First of all, congratulations to Alex Rowley, victor in the Cowdenbeath by election. He is, I think, one of a breed of Fife Labour folk who are the heart of what was once – and may be again – a working class movement worthy of the name. He doesn’t fit the mould of the modern, media-savvy slick boy and, although I don’t agree with his analysis and solutions, I do respect his political background and longevity. I hope he breaks away from the grip of Gordon Brown when he’s at Holyrood where I think he will become a real contributor, especially if leaves at the door any anti-Nat baggage that is distorting Labour’s message. All my dealings with him, some years ago now, left me with the impression of an uncomplicated and honest man, not something I say often about the politicos. (And a convincing majority too).
Anti-Nat baggage? Well, I spent a lot of time yesterday in the company in Labour people, some of who you have definitely heard of, and one theme that emerged was a deep frustration at the two-way finger-pointing of both Labour and SNP. There are people out there – in the know but not under a leadership edict – whose vision of, and for, Scotland is non-tribal and cooperative and who see real advantage for the Scots in the parties working together in the areas where there is agreement – a space of impressive scope if we only realise it.
Outside the quoted nomenclature of Lamont, Darling and Murphy there is a community of Labour people who are desperate for deep and radical reform of the powers of the parliament to turn it into a powerhouse of progress with comprehensive tax autonomy, welfare responsibility and entrenched powers allowing it stand aloof from Westminster decision-making when it chose to do so. They envisage a Scotland which is effectively independent showing the rest of Britain what can be achieved if they too have powers devolved. Except they retain the current anchor chains of macro economics and foreign/defence affairs. Now I know that isn’t enough for nationalists including myself but the reason it’s interesting is that we know this is the political territory the majority of Scots also currently inhabit and in a whole Scotland national interest, we could all compromise. Or rather, we could have. These are not necessarily Labour rebels but, according to my evidence, encompass names of some the Nats love to hate.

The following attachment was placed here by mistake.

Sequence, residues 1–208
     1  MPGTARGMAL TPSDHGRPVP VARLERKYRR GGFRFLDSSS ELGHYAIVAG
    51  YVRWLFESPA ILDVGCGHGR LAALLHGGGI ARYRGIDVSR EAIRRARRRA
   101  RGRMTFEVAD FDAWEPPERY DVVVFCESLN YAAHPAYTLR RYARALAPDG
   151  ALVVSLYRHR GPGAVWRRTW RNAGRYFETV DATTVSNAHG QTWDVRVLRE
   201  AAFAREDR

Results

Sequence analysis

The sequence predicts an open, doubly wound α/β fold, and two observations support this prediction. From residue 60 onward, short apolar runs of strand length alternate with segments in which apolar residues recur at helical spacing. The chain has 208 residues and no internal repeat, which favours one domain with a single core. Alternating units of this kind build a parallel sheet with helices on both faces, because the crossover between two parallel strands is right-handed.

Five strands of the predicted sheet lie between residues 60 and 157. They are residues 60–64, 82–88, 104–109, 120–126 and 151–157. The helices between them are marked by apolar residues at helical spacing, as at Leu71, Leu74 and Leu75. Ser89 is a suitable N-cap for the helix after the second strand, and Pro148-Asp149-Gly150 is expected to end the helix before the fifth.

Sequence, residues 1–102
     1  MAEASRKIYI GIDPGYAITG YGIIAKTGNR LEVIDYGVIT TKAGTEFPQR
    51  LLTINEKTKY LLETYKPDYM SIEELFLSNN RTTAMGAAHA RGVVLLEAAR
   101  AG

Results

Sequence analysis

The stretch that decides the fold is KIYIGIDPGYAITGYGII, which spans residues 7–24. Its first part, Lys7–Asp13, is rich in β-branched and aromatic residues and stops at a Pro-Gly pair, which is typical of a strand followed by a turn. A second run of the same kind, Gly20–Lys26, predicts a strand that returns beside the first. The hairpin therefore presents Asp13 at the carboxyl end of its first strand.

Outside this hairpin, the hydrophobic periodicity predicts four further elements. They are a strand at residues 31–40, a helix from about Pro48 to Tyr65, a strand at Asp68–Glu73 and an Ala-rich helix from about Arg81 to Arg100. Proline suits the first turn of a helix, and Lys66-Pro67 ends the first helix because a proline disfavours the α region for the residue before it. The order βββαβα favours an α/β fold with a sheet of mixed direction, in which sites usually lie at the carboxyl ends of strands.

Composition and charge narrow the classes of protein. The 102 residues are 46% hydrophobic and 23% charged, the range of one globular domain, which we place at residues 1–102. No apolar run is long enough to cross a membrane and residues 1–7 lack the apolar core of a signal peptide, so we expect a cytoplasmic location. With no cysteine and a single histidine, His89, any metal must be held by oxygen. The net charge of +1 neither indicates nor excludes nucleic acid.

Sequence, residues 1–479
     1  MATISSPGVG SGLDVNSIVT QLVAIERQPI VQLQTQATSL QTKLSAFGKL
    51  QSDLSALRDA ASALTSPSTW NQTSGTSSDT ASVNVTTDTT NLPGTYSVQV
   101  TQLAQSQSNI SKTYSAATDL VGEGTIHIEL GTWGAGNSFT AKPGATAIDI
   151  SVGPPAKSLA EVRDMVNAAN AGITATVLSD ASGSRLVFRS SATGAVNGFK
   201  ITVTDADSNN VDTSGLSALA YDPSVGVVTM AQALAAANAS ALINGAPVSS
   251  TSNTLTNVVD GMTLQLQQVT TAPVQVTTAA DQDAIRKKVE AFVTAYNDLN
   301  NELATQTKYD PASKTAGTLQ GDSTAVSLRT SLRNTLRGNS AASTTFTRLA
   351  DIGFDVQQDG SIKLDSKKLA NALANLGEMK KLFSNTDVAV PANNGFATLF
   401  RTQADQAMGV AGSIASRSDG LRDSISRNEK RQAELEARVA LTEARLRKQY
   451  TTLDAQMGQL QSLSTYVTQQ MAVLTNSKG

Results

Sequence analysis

They belong to the Donald Dewar school that “devolution is a process not an event” and believe that Dewar himself wished for and would today be campaigning for a wide-ranging upgrade of powers and responsibilities beyond anything we anticipate emerging from the Lamont commission. And they have little faith that Lamont will deliver. They see Scotland being held back by lack of flexibility in tax and spend, are appalled at the social impact of Westminster welfare policy and are unconvinced Miliband can lead Labour to victory. (Or what he will deliver if he wins). They wanted a Devo Max option and agree with those of us who argue that Labour should have “demanded” a second question, defined the policy and won hands-down.
Instead they recoil from the Lamont leadership with its lack of strategy –apart from Get Salmond – and it’s constant errors in seeking ways of distancing itself from the SNP. Her praising of London is the latest example of foot-shooting. The nationalist-led narrative about the UK’s resources being sucked into runaway London is working so Lamont must contrive a way of heading it off. She does so by telling the Scots they are dependant on London’s wealth – that it’s a good thing – when there isn’t a sane observer north of Watford who fails to see how unbalanced Britain has become by the concentration of wealth, investment, tax revenues, monetary and fiscal policy in one area. (Even Mr London, Professor Tony Travers of the LSE, agrees). To acknowledge is right but to endorse is wrong. No Labour voter likes the idea of reliance on London and wants to know how we tackle it. To say we must thank London is like telling Labour Scots to love the Tories. As one contact said: “Who is advising her?”
Some voices were heard at the Labour for Independence gathering in Glasgow, some from those still connected to official Labour but others are not. And here’s the thing. A thinking constituency of senior Labour people will vote Yes…not for independence but to make sure the vote stays up. They worry that if it is too low, the energy for change will die, even in Labour, when what Scotland needs is decisive and far-reaching reform. They are riding on Salmond’s coat tails and doing so as a means of securing a positive enough outcome to justify continued change to the Union. Of course, there is always another option – that movement in the polls emboldens some to go public and urge other Labour voters to join them in voting Yes, not necessarily for independence but to guarantee deeper reform. And it’s here you see the possibilities of cooperation if there is a No vote in September. All the pressure will heap on to Labour with demands to know what they will offer and how and those voices won’t only be from the SNP but from identifiable Labour figures pressing their own side to deliver. It was Gordon Brown who stopped Labour’s last push for reform which was to follow Wendy Alexander’s doomed referendum call. I hope his doleful influence doesn’t stop Alex Rowley championing real change now his chance has come. He was unceremoniously dumped from the general secretary’s job after arguing for more powers for the Scottish party years ago so this may be his last chance to impact on national politics.
AND…having boasted yesterday about 9200 hits in a day…yesterday I was a few short of 13,000 hits – in 24 hours. The big boys out there may scoff but I’m quite humbled by those numbers. And I can see on the worldwide map there are people logging in dozens of countries, even in tiny Pacific atolls. Don’t tell me thew world doesn’t care about Scotland. Thank you.by